Graphene is an atomic-scale honeycomb lattice made of carbon atoms with extrodinary strength and conductivity

Second graphene research centre announced

A £25 million research centre at the University of Cambridge will join the race to commercialise "wonder material" graphene.

Last week E&T Magazine reported that a £61m graphene research institute, part-funded by the Government, would be built at The University of Manchester creating about 100 jobs.

And now Cambridge has announced plans to create The Cambridge Graphene Centre, which will start work next month with a dedicated facility due to open at the end of the year.

Graphene – an incredibly strong one-atom thick layer of graphite with excellent conductivity – was isolated for the first time at The University of Manchester by Professor Andre Geim and Professor Kostya Novoselov in 2004.

The material has the potential to revolutionise technology from smartphones and ultrafast broadband to drug delivery and computer chips and the Cambridge centre’s objective is to bridge the gap between academia and industry, the university said.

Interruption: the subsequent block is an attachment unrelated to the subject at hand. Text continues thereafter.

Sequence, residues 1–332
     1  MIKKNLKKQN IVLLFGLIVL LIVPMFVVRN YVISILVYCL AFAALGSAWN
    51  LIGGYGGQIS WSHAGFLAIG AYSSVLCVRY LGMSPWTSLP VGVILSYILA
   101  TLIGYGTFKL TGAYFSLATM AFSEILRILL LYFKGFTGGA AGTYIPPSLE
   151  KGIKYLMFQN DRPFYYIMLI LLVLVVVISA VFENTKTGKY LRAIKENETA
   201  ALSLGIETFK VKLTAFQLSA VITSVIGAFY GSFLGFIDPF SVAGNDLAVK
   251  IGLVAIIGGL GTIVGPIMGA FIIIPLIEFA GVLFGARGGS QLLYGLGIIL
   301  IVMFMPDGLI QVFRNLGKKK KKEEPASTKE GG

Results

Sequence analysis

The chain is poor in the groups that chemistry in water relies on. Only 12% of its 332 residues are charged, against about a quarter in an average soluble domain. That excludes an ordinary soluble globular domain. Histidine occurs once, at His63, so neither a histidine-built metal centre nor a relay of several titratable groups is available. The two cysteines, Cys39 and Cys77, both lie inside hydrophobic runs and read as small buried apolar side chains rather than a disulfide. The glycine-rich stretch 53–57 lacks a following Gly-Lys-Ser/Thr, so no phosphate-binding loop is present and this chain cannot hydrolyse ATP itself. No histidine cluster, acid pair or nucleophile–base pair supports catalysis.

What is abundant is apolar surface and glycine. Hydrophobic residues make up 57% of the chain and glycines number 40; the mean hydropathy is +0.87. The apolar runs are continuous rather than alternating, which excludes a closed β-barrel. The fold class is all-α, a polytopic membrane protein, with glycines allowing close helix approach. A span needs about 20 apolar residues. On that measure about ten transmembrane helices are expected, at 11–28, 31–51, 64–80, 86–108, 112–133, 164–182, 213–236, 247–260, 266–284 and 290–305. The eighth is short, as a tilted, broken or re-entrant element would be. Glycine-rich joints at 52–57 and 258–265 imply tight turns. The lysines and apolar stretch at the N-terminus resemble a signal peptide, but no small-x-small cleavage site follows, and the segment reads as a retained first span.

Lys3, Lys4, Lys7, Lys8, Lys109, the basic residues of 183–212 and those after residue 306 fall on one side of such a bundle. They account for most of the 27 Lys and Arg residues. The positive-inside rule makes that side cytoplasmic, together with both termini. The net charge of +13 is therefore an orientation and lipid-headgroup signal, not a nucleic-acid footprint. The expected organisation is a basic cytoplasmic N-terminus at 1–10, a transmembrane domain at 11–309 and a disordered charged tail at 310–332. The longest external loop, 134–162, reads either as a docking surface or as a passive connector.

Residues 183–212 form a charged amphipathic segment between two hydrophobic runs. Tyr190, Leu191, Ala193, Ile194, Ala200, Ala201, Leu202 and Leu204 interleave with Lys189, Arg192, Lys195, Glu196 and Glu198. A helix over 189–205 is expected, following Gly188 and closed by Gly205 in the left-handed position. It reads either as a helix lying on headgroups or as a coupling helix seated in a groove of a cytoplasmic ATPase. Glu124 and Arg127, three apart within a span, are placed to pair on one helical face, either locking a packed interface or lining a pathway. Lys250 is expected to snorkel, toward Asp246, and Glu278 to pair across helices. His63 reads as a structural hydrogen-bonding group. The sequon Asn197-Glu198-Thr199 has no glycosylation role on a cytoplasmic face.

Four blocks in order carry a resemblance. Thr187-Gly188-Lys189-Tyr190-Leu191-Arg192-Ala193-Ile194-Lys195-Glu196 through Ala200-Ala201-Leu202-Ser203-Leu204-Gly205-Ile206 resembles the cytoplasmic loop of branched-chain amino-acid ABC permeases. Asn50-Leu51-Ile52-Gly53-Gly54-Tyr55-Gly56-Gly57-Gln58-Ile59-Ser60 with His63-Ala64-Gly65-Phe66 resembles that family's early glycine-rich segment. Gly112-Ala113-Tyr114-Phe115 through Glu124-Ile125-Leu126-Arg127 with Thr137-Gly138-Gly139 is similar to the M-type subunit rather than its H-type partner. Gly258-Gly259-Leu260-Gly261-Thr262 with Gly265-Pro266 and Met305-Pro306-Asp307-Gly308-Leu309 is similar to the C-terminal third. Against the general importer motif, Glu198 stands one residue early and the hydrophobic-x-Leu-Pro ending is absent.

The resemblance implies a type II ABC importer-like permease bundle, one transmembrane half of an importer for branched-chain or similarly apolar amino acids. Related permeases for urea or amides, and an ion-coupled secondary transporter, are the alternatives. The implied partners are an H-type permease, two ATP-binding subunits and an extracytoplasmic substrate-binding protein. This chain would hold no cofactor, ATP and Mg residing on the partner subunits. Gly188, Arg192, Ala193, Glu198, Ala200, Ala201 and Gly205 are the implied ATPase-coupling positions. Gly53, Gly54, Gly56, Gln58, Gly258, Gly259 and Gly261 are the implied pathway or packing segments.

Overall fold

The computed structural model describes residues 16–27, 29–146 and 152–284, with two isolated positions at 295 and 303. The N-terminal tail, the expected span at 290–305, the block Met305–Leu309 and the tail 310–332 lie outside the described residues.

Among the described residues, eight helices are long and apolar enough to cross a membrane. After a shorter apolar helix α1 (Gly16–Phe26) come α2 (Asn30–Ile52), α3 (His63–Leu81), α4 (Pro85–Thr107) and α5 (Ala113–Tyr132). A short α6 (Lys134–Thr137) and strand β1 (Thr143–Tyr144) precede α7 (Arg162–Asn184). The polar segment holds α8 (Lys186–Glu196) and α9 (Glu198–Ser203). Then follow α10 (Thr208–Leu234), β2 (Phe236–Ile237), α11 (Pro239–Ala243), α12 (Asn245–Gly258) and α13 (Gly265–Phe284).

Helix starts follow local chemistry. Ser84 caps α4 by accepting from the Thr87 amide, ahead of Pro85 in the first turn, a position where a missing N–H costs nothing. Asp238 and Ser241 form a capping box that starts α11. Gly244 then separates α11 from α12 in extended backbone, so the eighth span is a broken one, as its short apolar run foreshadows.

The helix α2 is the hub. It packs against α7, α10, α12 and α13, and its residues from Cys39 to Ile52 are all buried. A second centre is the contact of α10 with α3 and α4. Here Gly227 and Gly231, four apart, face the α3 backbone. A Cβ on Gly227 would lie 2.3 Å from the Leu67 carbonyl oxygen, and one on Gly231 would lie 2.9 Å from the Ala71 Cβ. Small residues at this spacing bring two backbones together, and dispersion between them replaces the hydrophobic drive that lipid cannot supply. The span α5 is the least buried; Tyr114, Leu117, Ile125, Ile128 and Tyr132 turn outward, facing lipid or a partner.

Vice-chancellor Professor Sir Leszek Borysiewicz said: "Graphene's potential is beyond doubt, but much more research is needed if we are to develop it to a point where it proves of benefit to society as a whole.

"The pioneering work of Cambridge engineers and scientists in fields such as carbonnanotechnology and flexible electronics, coupled with our record working with industry and launching spin-out firms based on our research, means that we are in a unique position to take graphene to that next level."

Work will focus on producing graphene on an industrial scale and the centre’s first job will be to find ways of manufacturing and optimising graphene films, dispersions and inks.

Professor Andrea Ferrari, who will be the centre's director, said: "We are targeting applications and manufacturing processes, and broadening research to other two-dimensional materials and hybrid systems.

“The integration of these new materials could bring a new dimension to future technologies, creating faster, thinner, stronger, more flexible broadband devices."

Funded with a £12 million Government grant and £13 million from industry, the centre will also be a shared research facility with state-of-the-art equipment, which any scientist researching graphene will have the opportunity to use.

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